As Christians, we believe that God is present in any situation—even in the tragic lives of many refugees. The challenge for us and for them is to discover how God is present in exile and what God is trying to tell us. If exile means neither punishment nor abandonment by God, then we need to change our sight in order to discover its significance. In the book of the prophet Ezekiel the Lord God spoke these words to the people of Israel who had been driven from their homes into exile: “I will take you from the nations, and gather you from all the countries, and bring you into your own land. I will sprinkle clean water upon you, and you shall be clean from all your uncleanness, and from all your idols I will cleanse you. A new heart I will give you; and a new spirit I will put within you . . .”
The word of God is sharper than a double-edged sword (Hebrews 4:12). It challenges our preconceptions. Israel had to learn not to make of the land an absolute value, even if it was the Promised Land. God wants to free people from exile, as from any kind of oppression, but in God’s eyes the liberation from sin—from any kinds of evil brought about by our actions and attitudes—is at least as important as liberation from exile. The situation prior to forced displacement is not necessarily the ideal to seek. We can deceive ourselves into by dreaming of return home or longing for resettlement while forgetting our neighbor’s need close to us.
Experience teaches us that to be in one’s own land is no better for justice and peace if our hearts are filled with hatred, envy, selfishness or violence. Exile can then become a chance for conversion, an opportunity to come to know God better, the way he is present and active in history and in our lives, what he wants from us, and, ultimately, who he is. It is a chance to let God change our hearts so we may change our lives. Fr. Fratern Masawe of the Jesuit Province of Eastern Africa reflected, “After seeing the worst of us in what causes it, exile may bring about the best in us.”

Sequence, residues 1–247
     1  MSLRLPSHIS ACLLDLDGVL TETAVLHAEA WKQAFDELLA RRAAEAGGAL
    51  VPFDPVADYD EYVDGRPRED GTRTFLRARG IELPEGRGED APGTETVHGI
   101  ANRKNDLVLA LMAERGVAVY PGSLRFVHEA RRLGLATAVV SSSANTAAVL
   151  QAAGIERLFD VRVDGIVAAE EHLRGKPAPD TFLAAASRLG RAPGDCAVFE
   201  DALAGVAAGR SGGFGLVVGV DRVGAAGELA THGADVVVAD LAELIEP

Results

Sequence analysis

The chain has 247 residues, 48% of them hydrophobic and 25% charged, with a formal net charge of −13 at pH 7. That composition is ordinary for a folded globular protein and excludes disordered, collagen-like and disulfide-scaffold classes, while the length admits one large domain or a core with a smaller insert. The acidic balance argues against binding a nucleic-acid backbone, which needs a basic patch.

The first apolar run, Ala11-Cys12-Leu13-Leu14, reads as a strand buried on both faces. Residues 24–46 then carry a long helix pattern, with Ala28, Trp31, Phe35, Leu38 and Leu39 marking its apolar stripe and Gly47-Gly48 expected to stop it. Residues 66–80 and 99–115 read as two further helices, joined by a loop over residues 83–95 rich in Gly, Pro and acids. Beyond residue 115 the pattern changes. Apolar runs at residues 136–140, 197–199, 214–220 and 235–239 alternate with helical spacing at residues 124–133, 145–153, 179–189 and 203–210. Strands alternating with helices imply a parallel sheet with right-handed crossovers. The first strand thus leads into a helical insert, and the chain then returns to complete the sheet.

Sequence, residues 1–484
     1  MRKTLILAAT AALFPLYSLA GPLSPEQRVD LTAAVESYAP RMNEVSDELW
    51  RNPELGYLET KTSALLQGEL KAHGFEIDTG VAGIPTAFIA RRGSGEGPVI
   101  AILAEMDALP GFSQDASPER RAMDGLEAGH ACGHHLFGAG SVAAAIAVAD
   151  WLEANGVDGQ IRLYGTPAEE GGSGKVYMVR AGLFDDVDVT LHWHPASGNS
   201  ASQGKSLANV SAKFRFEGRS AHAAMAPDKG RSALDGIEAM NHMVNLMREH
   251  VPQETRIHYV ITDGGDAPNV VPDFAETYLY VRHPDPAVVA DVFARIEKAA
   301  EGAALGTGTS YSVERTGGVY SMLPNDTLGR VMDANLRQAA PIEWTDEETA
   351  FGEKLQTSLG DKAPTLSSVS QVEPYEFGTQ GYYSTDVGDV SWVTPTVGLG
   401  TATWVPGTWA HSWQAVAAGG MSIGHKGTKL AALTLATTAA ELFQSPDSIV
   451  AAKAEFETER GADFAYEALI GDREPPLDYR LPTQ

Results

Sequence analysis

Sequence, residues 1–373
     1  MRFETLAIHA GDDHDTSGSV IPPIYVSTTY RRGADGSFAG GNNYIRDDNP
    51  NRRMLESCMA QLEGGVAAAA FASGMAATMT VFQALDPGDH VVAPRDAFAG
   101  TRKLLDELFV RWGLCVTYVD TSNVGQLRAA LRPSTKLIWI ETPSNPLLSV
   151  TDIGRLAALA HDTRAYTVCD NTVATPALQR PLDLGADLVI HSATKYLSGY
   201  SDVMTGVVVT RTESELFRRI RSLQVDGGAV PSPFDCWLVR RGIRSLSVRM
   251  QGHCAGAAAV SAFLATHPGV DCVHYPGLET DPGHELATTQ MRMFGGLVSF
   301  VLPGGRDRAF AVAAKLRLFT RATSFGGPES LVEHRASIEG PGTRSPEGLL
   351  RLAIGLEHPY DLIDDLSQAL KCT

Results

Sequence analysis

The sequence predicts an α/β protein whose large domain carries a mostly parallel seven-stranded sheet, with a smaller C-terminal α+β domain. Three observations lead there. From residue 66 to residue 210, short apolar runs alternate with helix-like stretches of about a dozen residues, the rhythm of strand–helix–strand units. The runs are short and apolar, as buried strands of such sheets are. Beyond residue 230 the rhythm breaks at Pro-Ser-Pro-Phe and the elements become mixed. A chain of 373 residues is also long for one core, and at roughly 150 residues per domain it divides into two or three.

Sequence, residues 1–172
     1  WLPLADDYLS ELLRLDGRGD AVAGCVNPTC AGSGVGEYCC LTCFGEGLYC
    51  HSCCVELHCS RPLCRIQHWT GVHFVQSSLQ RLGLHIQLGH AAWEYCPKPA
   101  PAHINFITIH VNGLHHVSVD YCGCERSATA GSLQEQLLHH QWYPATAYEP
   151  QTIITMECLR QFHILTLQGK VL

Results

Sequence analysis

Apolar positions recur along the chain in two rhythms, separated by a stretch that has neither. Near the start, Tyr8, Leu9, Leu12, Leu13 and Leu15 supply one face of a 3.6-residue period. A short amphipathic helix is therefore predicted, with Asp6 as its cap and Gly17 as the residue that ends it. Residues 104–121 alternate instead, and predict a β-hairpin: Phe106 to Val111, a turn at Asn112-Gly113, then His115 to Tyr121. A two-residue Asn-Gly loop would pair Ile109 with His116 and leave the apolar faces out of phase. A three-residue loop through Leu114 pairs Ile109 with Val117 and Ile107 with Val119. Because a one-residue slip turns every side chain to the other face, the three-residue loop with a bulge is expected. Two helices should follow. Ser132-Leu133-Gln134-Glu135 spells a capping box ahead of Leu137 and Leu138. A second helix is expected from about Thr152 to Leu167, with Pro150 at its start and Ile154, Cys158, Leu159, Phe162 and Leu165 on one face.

Suggestions for Prayer:
- The PowerPoint presentation, I Shall Take You from among the Nations, reflects on Ezechiel 36 and how difficult times in our history can lead us to a deeper conversion and to a deeper knowledge of God. To view this PowerPoint, clickhere.
- Fr. Jack Mattimore serves a JRS/USA chaplain in a US government-sponsored detention center where many non-US citizen detainees, separated from their families, await deportation to their home countries. JRS chaplains help them come to grips with reality of detention and discover where God is for them at this difficult time in their lives. To read more about Fr. Mattimore’s reflections on serving a chaplain in a detention facilty, click here.
- God can speak to refugees and to those who work with and for them in ways that are simple and ordinary, but full of life, such as a birth of child. So it was with the birth of Jesus himself. Recall the words of the prophet Isaiah 7:14: “Therefore the Lord himself will give you a sign. Look, the young woman is with child and shall bear a son, and shall name him Emmanuel.” In what way is God calling you to serve him and his people?